:‘~-.. 7


them with suitable interviewees. Bob 'l‘omlinson has played a large part in this. He is. consequently. vehement and angry about society‘s treatment of what he terms the ‘sub-culture‘. 'We just went out into the streets and spoke to homeless people. It's not difficult to find people to talk to. liven now ( he points out of the S'l'\' window) there are four guys standing over there w ho are homeless and who are cold.’ 'l'omlinson sounds disappointed that he doesn’t recognise them. He goes on. ‘I-‘or some reason. although it's under our noses. we choose to not to see it. We walk past. And this is Britain in 1988. the supposed “caring society". l would suggest we've become the care-less society.‘ ‘When you speak to the so-called 'down-and-outs'. you find that yes. they're down. yes. they're outside society‘s way. But they're desperate to get tip and to get back in. A lot of people who sleep rough and who I‘ve spoken to in the course of the programme are delightful people who've become friends. 'l'heir lives went wrong. something happened. I spoke to one man who said that when he passes a shop with a 'l'\' on in the window. he is aware that the world is going on. and that he is outside the shop and outside the world. He is outside society now. he doesn’t count. 'l‘hat for him is the most hurtful thing.‘

Homelessness is one manifestation



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51‘9"}. sag-c.2- of poverty the subjects of the other programmes deal with others head on. and touch on related issues such as drugs. 'l‘omlinson explained the connection: ’We met a priest who said go and speak to the young people on drugs. He said he'd never met one who took drugs to get a pleasant sensation. He said they did it to kill the pain of poverty. 1 know a young guy who. three weeks ago. hadn't touched drugs. He was getting sorted out. He came round to see me at one o‘clock on a Saturday morning with nowhere to go. He’d started injecting drugs and he was sharing needles. l couldn‘t understand it. I asked him ‘why are you doing it‘.’ .lust when everything was going to get better'." He said ‘I can't take it. It‘s too sore. Life is sore. everything is sore.‘ He wasn‘t taking drugs for kicks. he was taking them because “it was too sore”.‘

Poverty is dealt with on a broad basis. Mooney. who worked as a social worker before moving into television. opened out the concept. ‘We‘re not just talking about strict financial poverty but poverty in social terms too. People are denied access to things that many of us do have access to it may be money. it may be opportunity.‘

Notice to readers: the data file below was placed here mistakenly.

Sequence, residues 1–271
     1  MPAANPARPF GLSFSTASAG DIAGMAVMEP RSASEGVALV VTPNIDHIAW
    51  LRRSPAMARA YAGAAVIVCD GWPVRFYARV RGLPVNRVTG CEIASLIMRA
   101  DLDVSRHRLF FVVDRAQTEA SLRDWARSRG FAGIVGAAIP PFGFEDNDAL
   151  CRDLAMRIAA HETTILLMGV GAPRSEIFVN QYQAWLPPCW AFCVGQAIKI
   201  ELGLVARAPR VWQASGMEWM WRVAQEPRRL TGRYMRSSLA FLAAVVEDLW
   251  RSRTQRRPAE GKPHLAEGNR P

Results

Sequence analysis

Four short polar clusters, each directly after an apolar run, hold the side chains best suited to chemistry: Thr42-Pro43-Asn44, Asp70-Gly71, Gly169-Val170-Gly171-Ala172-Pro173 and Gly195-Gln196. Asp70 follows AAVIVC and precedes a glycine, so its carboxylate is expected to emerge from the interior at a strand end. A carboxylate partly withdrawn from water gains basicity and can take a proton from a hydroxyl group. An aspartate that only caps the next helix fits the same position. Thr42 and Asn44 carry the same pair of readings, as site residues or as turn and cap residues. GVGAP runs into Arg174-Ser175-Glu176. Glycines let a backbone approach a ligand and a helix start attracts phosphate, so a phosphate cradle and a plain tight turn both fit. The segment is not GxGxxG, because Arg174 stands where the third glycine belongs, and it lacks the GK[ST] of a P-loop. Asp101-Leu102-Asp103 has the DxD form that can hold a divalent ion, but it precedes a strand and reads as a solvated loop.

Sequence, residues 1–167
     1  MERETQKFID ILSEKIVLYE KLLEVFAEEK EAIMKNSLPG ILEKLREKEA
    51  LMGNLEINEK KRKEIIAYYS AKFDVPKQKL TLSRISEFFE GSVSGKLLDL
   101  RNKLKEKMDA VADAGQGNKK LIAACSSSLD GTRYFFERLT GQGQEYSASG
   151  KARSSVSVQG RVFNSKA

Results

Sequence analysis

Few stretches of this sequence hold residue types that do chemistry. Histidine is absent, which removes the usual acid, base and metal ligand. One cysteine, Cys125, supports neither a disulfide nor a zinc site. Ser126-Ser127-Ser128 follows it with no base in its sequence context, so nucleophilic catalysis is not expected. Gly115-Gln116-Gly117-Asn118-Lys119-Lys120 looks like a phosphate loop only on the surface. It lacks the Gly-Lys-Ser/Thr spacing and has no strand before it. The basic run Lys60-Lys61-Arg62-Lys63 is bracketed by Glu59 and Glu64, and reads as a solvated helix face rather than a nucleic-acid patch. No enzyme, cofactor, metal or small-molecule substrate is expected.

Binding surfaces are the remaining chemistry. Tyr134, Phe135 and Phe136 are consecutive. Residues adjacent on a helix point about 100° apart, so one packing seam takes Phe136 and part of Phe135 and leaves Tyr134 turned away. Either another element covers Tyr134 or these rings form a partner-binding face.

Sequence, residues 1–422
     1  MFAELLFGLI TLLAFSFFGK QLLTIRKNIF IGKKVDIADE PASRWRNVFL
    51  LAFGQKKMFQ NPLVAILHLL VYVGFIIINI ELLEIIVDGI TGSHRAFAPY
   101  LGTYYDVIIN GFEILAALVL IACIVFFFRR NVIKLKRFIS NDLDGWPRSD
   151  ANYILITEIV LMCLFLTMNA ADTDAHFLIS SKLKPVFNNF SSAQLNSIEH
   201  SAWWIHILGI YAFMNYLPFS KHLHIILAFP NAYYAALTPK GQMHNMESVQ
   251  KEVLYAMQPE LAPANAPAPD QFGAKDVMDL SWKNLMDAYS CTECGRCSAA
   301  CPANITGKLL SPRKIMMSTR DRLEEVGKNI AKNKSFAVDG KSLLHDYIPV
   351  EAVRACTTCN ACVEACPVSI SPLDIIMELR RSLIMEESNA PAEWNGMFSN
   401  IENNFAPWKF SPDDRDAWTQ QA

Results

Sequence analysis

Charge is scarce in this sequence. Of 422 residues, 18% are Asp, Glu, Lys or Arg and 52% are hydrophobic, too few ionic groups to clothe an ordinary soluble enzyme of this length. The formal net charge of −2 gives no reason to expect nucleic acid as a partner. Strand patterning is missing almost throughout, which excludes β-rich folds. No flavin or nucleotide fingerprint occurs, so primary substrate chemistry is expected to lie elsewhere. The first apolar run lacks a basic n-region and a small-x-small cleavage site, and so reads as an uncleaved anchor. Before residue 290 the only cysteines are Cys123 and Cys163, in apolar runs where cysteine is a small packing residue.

(‘urrent statistics state that one-fifth ofchildren in Britain today live below the poverty line. Bob

'l'omlinson feels action must be

taken now. The force of his


J" ' 1:, in 0

frustration makes his sincerity impossible to doubt. And he finds it easy to reconcile the campaigning nature of Scottish Action with the professional concern of getting high audience ratings. ‘We can't go on living like this— living with such poverty and deprivation. Once people see how bad the problem is. I hope they will respond. I hope they will collectively say to local and national government and to themselves "this is wrong”. Otherwise I don‘t know what the consequences of uncontrolled uncaring and uncontrolled poverty will be.‘

The programme devoted to the carers will. the team hopes. inspire others to volunteer. "l'here‘s so much we can all do. We can give money to organisations who care for the poor and who need support. ()r we can give time -- not much even to help. And we can bring pressure to bear on local and national government by asking them “what are you doing about this?" If just one person contacts us after the programmes to ask “what can I do'.’ How can I help?" l’ll deem it a success. We'll put them in touch with someone.‘

The use of television as a campaigning medium is. for the Scottish Action team. vital. Mooney‘s commitment to it is absolute. 'I do passionately believe that television has a duty to do these

sorts of programmes and to do them in away that isn‘t pious. isn't boring and isn't preachy. 'l'hese programmes are to do with S'l'\”s commitment as a station to the notion that the people we are here to serve are the public in the broadest sense. And these programmes typify for me what is best about public service braodcasting. Without a doubt this for me is the crunch part of television.

"l‘elevision can move things up the agenda. As programme makers. we need to look for subjects that touch a lot of people's lives. With Scottish Action on Poverty. as with the other series. we're targeting everylmdy. We want to say that although things are getting good for many of us in Scotland. there are folks whose needs are not being met. (‘ollectively we need to be aw are of what's happening. We can't ignore the problems.’

Stu/Its l1 xlt'lion on Poverty starts on Monday 7.\'oi‘¢'mln'r. Iht’t‘U/Htlt‘l nIun/n'rsjor I/Iust’ who want I‘ll/or'rriull'ori or m sismnt'elrorn lkc/jirrc Rig/11s (Ct/Wily on Scottish sic/ion /in<' wil/ be given om u! the end olt'uclt progrumrm’. TIM/#10110[I'llt's It'll/()ln'lt 7— Ill/mt on .llonduys and during (IN-111’ llrrulivfor (ht’ I't’SI ()fl/tt’ week. T/lt'IIllIII/R’I'A(Irvin—1133).? 1345 (Glasgow); (BI .93.? I345 (Edinburgh I.


itfits.£;.. AY TIMES





J The List 28 ()ct ll) Nov 1988 55